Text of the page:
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29.4 Photon Momentum
A photon interacts as a unit, rather than as an extensive wave.
Massive quanta act like particles because they are the smallest units of matter.
Particles carry both energy and momentum.
Despite the fact that there is no mass, there is evidence that radiation carries momentum.
It's a well-established fact that there's a lot of momentum in the photon.
The photoelectric effect suggests photon momentum, where electrons are knocked out of a substance.
The tails of the Hale-Bopp comet point away from the Sun.
This tail is formed by dust from the comet.
Light reflecting from dust pushes it away from the Sun.
The blue ionized gas tail is produced by interacting with atoms in the comet material.
There is a comet with two tails.
Most people don't know that the tails point away from the Sun rather than behind the comet.
Dust is evaporated from the comet's body of ionized gas.
The dust particles move away from the Sun.
Some of the momentum from the Sun is transferred to dust particles in a collision.
The blue tail's gas atoms and molecules are most affected by other particles of radiation, such as protons and electrons coming from the Sun.
All types of particles are found to have momentum.
We expect particles with mass to carry momentum, but now we see that massless particles do the same.
It is the same thing in quantum mechanics as it is in classical physics.
The earliest direct experimental evidence of this came from scattering of x-ray photons by electrons in substances.
The x rays that were scattered from materials had a decreased energy and were analyzed by Compton as a result of the scattering of photons from electrons.
The phenomenon could be handled as a collision between two particles.
The collision has energy and momentum.
The name of the effect is the scattering of a photon by an electron.
The reduction of both energy and momentum for the scattered photon is a result of energy and momentum being conserved.
The effect was verified by Compton.
The photon momentum is very small.
For this reason, we don't usually observe photon momentum.
Our mirrors don't recoil when light hits them.
x rays have a small wavelength and a relatively large momentum, interacting with the lightest of particles, the electron.
If the photon momentum is small, we can assume that an electron with the same momentum will be nonrelativistic, making it easy to find its velocity and energy from the classical formulas.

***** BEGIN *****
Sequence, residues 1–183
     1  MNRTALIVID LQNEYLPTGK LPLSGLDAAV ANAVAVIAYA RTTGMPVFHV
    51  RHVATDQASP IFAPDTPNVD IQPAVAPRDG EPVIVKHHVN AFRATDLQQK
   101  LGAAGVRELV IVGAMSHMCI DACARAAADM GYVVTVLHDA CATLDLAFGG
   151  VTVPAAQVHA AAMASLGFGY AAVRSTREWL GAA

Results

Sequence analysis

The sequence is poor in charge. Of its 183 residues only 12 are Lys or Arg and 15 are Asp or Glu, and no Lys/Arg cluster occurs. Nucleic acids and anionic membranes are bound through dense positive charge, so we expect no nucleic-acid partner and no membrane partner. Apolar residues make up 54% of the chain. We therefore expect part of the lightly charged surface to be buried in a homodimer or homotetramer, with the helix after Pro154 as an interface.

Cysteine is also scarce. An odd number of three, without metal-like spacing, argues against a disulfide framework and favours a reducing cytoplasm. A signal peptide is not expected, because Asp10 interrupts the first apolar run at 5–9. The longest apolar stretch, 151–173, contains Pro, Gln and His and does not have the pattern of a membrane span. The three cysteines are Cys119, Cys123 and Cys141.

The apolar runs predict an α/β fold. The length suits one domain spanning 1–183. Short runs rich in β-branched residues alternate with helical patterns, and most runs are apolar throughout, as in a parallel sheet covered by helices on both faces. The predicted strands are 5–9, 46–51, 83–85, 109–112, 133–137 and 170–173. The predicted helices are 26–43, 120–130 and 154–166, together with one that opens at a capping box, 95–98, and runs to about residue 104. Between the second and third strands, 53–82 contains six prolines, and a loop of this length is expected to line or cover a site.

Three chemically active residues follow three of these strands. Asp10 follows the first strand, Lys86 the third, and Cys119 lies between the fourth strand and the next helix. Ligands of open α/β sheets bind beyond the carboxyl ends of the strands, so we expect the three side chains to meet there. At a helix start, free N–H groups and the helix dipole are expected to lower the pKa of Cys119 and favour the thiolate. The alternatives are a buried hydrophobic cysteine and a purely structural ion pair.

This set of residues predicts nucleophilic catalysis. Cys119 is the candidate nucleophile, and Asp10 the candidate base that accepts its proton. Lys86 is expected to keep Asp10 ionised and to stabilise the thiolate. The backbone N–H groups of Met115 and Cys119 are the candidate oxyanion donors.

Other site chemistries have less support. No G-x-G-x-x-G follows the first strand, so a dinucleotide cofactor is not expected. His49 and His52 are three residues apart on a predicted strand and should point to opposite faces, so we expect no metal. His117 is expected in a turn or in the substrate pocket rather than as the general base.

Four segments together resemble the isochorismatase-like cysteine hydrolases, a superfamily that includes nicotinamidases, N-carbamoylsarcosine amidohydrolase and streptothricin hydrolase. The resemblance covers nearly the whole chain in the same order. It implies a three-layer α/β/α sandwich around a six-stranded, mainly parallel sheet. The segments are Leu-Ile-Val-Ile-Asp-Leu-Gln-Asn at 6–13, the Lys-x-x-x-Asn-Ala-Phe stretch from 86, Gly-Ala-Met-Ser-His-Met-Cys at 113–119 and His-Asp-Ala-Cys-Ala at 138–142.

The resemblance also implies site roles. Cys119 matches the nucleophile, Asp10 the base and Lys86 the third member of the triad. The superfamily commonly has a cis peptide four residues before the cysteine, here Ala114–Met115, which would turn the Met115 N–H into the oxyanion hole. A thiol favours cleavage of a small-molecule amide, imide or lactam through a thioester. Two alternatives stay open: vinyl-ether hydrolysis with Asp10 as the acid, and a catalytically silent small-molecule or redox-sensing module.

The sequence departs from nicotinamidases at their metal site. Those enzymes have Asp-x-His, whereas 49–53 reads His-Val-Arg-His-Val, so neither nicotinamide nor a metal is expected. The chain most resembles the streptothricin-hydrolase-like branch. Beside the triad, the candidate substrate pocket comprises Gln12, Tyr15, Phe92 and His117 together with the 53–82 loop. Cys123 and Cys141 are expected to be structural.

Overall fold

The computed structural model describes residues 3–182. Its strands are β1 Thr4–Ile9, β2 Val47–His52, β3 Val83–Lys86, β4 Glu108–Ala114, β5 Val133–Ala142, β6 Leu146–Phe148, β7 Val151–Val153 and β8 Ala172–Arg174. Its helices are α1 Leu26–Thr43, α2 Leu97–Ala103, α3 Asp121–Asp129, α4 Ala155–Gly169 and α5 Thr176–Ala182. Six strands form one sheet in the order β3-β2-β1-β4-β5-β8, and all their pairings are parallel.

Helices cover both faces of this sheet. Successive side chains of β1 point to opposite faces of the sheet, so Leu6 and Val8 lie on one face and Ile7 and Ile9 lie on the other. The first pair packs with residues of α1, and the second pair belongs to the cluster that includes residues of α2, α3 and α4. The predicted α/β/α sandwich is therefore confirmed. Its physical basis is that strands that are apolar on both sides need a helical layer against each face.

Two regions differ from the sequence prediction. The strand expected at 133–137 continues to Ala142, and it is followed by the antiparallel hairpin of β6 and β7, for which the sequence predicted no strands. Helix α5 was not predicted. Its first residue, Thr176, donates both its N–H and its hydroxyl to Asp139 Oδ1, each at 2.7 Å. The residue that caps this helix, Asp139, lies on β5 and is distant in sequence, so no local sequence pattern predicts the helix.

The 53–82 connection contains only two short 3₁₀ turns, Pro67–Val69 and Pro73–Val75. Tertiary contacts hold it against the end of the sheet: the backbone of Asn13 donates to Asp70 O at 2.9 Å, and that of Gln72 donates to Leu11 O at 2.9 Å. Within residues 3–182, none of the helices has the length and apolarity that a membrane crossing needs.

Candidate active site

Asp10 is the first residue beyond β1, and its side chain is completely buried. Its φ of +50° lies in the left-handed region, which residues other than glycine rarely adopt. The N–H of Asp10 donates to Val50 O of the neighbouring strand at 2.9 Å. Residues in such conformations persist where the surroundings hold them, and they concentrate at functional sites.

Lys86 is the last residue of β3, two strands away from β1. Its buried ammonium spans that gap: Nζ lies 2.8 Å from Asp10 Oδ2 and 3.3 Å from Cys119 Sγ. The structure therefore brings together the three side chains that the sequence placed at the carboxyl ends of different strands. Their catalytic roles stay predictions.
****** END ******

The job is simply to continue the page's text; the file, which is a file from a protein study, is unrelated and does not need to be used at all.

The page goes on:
The classical expression will be used to find the velocity of an electron with this momentum.
It is five orders of greater magnitude.
It is indeed small.
The total momentum they carry is small even if we have a lot of them.
A 1460 m/s velocity is clearly nonrelativistic for an electron with the same momentum.
A bigger particle with the same momentum would have a smaller speed.
It takes less energy to give an electron the same strength as a photon.
On a quantum-mechanical scale, photon momentum is significant.
If there is enough photon momentum, it can have an effect if there is not enough to prevent the slow recoil of matter.
There are also proposals to build space sails that use huge low-mass mirrors to reflect sunlight.
The mirrors would start to recoil in the vacuum of space, which would allow them to take the craft from place to place in the solar system.
A Russian test model of this was launched in 2005, but did not make it into space due to a rocket failure.
A 40-m2 sail is what it will have.
The relationship between photon energy and photon momentum is similar to the one given for the total energy of a particle.
For a photon, note the validity of this relation.
It's equivalent to Compton's result.
Most detection systems talked about the particle-like properties of photons interacting with a sensitive area.
A change can be cascaded or recorded to form an image.
There is ongoing research into improving the efficiency of receiving photons, particularly by cooling detection systems and reducing thermal effects.
The photon is considered in the example 29.5.
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